then apply the even collatz function n*m times. 
2^{n*m}  / 2^{n*m} = 1
 

So I know there is a lot missing/wrong.  But the underlaying mechanism to the collatz function is the prime reduction done by adding 1 to a prime. 

the odd collatz function will always converge at some point to a 2^n number,  and as soon as it does the even function will reduce it to 1

 

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1 hour ago, Zolar V said:

Hmm,  thats a tough question.  I want to say it isnt going to matter for the proof, but I think it will be injective,  i doubt it would be surjective.

"So, onward. How does this prove Collatz?"
-
I believe our function is embedded in the odd function of the collatz conjecture.  That is to say we can manipulate 3x+1  to be  2x + x+1  where x is our p.  
  then 2x + (x+1)   and (x+1) is our function.  (yes i know,  its not defined here)
since G^n(p)= 2^n  then
  2x^n + 2^n    ->   2^n(x+1)  ->   2^n(G(x+1))  ->  2^n (2^m)

then apply the even collatz function n*m times. 
2^{n*m}  / 2^{n*m} = 1
 

So I know there is a lot missing/wrong.  But the underlaying mechanism to the collatz function is the prime reduction done by adding 1 to a prime. 

the odd collatz function will always converge at some point to a 2^n number,  and as soon as it does the even function will reduce it to 1

 

> I think it will be injective,  i doubt it would be surjective. 

Of course it's not surjective, its output is restricted to powers of 2.

 

> So I know there is a lot missing

Correct. Burden's on you. 

the odd collatz function will always converge at some point to a 2^n number,

Of course. If you can prove that you become famous. 

Edited by wtf

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9 minutes ago, wtf said:

> I think it will be injective,  i doubt it would be surjective. 

Of course it's not surjective, its output is restricted to powers of 2.

 

> So I know there is a lot missing

Correct. Burden's on you. 

Quote

"Of course it's not surjective"


 yea i know, i just didnt want to say definitively...
i didnt want to look like an idiot

 

Quote

"> So I know there is a lot missing  Correct. Burden's on you. "

yeah so here is how its supposed to work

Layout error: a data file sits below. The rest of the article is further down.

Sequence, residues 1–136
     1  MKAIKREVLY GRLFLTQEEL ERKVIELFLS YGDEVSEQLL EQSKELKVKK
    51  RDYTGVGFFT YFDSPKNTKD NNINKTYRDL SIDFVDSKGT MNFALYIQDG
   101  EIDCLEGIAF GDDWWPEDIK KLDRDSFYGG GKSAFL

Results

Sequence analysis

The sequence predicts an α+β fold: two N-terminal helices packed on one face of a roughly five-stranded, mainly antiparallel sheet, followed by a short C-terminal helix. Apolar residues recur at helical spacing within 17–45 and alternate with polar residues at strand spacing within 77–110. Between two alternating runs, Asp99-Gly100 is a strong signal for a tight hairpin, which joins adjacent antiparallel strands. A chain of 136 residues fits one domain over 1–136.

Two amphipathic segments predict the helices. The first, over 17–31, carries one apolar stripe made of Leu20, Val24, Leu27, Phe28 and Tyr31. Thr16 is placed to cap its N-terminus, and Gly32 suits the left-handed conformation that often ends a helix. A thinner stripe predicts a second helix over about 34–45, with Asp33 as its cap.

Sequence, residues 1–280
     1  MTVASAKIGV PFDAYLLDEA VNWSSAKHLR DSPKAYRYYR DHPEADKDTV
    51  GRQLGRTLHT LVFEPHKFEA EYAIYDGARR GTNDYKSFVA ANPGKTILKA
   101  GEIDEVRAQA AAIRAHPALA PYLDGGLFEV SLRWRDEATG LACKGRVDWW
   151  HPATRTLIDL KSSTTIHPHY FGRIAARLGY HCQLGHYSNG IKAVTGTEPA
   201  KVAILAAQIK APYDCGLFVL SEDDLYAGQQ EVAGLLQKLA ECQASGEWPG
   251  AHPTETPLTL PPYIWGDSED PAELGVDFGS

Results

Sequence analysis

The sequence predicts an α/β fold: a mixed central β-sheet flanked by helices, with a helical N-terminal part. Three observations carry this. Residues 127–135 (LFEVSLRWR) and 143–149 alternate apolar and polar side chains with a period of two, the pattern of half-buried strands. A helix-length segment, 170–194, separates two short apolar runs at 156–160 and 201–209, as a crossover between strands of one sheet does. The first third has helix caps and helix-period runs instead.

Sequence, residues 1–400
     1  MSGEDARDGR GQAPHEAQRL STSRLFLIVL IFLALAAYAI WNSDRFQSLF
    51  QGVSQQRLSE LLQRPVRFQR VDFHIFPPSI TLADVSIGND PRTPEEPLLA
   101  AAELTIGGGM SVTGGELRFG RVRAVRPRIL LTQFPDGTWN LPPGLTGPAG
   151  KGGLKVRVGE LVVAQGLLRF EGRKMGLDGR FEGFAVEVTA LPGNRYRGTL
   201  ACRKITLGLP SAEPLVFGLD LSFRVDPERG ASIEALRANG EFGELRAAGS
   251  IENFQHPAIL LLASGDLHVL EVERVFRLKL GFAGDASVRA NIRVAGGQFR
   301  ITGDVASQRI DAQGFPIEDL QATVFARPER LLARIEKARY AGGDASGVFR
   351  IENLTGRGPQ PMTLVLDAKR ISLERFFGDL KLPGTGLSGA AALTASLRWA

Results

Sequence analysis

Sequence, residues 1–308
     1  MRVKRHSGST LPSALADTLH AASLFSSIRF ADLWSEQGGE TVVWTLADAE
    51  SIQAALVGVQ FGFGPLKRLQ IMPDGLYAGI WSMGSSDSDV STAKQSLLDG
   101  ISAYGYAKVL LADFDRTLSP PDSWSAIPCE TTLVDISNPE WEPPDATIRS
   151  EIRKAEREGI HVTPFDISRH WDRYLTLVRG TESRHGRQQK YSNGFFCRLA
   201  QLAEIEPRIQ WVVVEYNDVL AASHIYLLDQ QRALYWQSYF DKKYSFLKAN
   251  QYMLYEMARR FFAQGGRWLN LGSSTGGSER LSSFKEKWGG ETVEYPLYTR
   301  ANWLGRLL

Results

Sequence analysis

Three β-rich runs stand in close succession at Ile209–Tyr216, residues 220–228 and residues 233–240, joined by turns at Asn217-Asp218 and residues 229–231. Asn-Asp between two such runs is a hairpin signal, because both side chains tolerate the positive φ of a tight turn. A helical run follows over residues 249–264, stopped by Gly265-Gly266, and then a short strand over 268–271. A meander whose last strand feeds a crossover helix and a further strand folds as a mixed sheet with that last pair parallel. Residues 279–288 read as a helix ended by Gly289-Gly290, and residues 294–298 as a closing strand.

1: For P prime, show P+1 = 2^r *p_1 *p_2 *p_3... p_i    .    show 2 < p_i <P
2:  Show how any odd composite number can be rewritten such that a function from step 1 can be applied to it
3:  Since any odd composite number can have the function from step 1 applied to it, it also has the same prime reduction mechanism happening to it

4: Show how the odd collatz conjecture can be rewritten such that it looks like our function.
5: Since our function converges to 2^n , so does the odd collatz function
6: since the even collatz function divides 2^n, then after n times  it converges to 1
7:  and thats it.

Edited by Zolar V

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I didn't think about your idea in detail, but if that's your research program, you should definitely get to it. Take your time, work your program, report back. 

 

5: Since our function converges to 2^n , so does the odd collatz function

Now that I understand the prime reduction function, I can't see at all how it relates to Collatz. It's a totally different procedure. You take a prime, add 1, drill each of its prime factors (to multiplicity) down to a power of 2. Well ok you have me believing that. 

If you have a reduction from 3n+1 to that, perhaps you should work on a very clear exposition of how this works. Because Collatz doesn't have anything to do with taking the prime factors of anything. I think there must be something wrong with your idea right here. 

 

Edited by wtf

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52 minutes ago, wtf said:

I didn't think about your idea in detail, but if that's your research program, you should definitely get to it. Take your time, work your program, report back. 

 

5: Since our function converges to 2^n , so does the odd collatz function

Now that I understand the prime reduction function, I can't see at all how it relates to Collatz. It's a totally different procedure. You take a prime, add 1, drill each of its prime factors (to multiplicity) down to a power of 2. Well ok you have me believing that. 

If you have a reduction from 3n+1 to that, perhaps you should work on a very clear exposition of how this works. Because Collatz doesn't have anything to do with taking the prime factors of anything. I think there must be something wrong with your idea right here. 

 

Suppose the prime reduction function is true
Take any odd natural number,   It is either prime or composite.

If it is prime, then adding 1 would result in all its primes being less than itself.  (we've already agreed on this)
if its a composite,  then adding 1 would still result in at least 1 of its primes being less than the primes in the composite.  (this needs to be shown.  This will be the result of step 2)

-----